Giro Air Attack – Review
Aero Offering from Helmet Leader
I have been using the Giro Air Attack helmet for a couple months now since posting my first impressions and have really be putting it through its paces. As one would expect, my main concern with the Giro Air Attack was that the lack of vents would make for an extremely warm helmet so I have waited for some warmer weather before passing final judgement. Overall, I must say that it is very difficult to find any fault with this helmet.
Thanks to Giro’s RocLoc system, the Giro Air Attack provides a comfortable and secure fit. The RocLoc ratchet system allows you to really dial in your fit with retention adjustable in small increments. It also had 3 positions of vertical adjustment so you can really choose the amount of head cupping that is right for you.The shape of the Giro Air Attack meant that, even when snugged up on my head, there were no hot spots of extra pressure. And the minimal padding was sufficient for keeping a comfortable feel and sweat absorption. Giro helmets tend to have a great fit and the Air Attack continues that trend.
The big question about the Giro Air Attack was would it turn into an oven in the hot weather due to its lack of vents. But despite having only 6 vents, the Giro Air Attack provides sufficient air movement across your head.
The Giro Air Attack is a helmet that is designed to go fast and that is when it ventilates the best. Once you get over about 25km/h, the large front facing vents do really well at pulling air into the helmet and across the top of your head. With that being said, at lower speeds, particularly while climbing or waiting for a club ride to start, the Giro Air Attack does get quite warm. Due to the lack of vents on the forehead, the Giro Air Attack heats up around the lower sections even when at speed.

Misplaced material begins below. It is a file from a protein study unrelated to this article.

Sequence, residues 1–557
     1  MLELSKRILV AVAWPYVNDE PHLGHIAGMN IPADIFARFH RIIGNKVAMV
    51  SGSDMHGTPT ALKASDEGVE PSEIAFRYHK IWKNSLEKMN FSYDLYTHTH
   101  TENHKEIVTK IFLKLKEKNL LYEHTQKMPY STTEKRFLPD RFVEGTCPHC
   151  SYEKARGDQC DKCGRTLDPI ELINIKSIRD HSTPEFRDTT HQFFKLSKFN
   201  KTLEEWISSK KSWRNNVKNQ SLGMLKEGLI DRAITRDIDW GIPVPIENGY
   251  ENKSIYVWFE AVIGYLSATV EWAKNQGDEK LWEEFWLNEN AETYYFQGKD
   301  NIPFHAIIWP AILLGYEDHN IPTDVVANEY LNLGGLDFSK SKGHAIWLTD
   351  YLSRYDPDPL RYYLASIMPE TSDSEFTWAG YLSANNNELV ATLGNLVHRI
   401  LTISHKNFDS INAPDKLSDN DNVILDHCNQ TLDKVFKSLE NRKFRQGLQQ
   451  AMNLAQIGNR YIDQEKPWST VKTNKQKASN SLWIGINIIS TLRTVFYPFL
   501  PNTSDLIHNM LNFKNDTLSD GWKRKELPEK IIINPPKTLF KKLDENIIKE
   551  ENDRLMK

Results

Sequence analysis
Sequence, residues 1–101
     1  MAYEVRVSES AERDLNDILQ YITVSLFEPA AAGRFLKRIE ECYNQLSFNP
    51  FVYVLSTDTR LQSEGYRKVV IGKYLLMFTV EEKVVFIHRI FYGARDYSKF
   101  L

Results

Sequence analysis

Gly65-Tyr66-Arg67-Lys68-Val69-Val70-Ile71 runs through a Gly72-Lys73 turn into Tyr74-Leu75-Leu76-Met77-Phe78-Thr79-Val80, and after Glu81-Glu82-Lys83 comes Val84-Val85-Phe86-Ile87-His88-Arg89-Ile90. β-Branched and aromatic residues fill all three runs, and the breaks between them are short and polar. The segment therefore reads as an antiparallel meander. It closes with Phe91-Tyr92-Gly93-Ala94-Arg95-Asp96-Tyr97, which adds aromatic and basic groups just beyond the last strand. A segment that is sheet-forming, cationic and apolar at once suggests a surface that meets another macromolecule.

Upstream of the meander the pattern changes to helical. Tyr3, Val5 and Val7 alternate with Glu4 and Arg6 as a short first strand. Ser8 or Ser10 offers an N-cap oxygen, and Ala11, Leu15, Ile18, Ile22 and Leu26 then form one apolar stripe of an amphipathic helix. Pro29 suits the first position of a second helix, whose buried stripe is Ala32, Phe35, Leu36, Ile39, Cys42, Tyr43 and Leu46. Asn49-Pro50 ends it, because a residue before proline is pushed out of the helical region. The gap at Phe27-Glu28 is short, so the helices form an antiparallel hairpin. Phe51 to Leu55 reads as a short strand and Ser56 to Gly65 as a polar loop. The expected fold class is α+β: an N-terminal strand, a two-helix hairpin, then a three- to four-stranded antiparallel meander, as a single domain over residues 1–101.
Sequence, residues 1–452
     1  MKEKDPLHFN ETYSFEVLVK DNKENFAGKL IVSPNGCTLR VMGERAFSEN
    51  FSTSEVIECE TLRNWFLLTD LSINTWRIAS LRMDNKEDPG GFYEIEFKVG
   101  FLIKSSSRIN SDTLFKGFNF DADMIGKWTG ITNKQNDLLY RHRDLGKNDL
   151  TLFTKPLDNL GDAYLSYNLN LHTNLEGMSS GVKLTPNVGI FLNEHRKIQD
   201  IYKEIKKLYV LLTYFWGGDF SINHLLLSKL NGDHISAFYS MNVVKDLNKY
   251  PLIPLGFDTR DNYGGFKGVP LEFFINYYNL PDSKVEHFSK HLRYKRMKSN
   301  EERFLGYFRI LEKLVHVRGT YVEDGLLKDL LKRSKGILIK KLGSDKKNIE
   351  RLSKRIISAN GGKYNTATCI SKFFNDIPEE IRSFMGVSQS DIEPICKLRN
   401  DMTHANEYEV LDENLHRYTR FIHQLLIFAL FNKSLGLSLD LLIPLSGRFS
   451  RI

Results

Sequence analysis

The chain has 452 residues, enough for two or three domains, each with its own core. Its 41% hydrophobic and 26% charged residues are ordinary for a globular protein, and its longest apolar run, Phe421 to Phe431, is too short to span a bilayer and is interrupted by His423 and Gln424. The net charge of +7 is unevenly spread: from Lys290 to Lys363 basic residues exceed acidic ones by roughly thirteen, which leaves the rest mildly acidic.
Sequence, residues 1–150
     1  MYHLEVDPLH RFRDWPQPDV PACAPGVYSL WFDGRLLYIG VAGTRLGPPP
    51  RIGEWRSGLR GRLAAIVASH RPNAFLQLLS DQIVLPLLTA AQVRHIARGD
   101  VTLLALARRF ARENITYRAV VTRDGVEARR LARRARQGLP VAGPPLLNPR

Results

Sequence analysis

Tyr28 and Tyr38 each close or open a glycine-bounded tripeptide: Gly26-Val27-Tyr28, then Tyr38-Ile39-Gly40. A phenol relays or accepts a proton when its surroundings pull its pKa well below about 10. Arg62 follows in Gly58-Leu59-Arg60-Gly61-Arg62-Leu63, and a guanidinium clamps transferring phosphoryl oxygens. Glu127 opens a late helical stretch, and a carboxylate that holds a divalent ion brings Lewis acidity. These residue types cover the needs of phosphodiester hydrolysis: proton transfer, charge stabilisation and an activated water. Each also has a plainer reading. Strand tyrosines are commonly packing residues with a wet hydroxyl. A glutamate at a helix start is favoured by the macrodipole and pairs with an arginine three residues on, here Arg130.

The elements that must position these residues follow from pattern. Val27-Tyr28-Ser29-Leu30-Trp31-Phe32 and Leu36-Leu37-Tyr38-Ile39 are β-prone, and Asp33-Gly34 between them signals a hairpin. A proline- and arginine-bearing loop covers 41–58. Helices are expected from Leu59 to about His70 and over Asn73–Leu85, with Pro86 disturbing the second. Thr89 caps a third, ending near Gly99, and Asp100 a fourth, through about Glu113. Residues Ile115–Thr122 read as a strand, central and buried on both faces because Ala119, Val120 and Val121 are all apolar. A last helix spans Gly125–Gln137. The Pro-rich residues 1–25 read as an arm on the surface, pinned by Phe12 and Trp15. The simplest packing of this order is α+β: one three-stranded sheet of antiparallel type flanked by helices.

Giro claims a time saving of 17 seconds over 40km at 40km/h for the Air Attack, but without a wind tunnel I have no way of testing those claims so I will just have to take Giro’s word for it.
The Giro Air Attack does feel like a fast helmet particularly with the optional clip on shield. Using three magnets, the shield is easy to attack and remove. Although I can’t quantify how many watts it might save you, the Giro Air Attack’s shield noticeably reduces drag by directing air around your face. By creating a smoother surface, it reduces drag. Apart from aerodynamics, the shield has another benefit: it helps keep the cold air off your face on those early season rides. But the flip side of that is that it keeps the cooling air off your face on those hot mid summer rides.It is difficult to find fault with the Giro Air Attack helmet. In my opinion it is the best looking aero helmet on the market and is my everyday helmet. Despite not being the best venting helmet, it regulates temperature extremely well for a helmet with only 6 vents. Temperature will always be an issue with aero helmets, they are designed to reduce drag and vents cause drag.
If you are looking for a comfortable, fast helmet for racing and hard training rides, than the Giro Air Attack is a great option. But if you are looking for something that breathes a little better for long climbs or warmer climates, take a look at the Giro Synthe.
Giro Air Attack Good:
- best looking aero helmet on the market
- vents surprisingly well especially at speed
- excellent fit thanks to RocLoc system
Giro Air Attack Bad:
- does not vent well at lower speeds, especially climbs
- no vents on forehead leads to heat build up
This review was done completely independent of Giro. I purchased the Giro Air Attack myself with my own, hard earned money.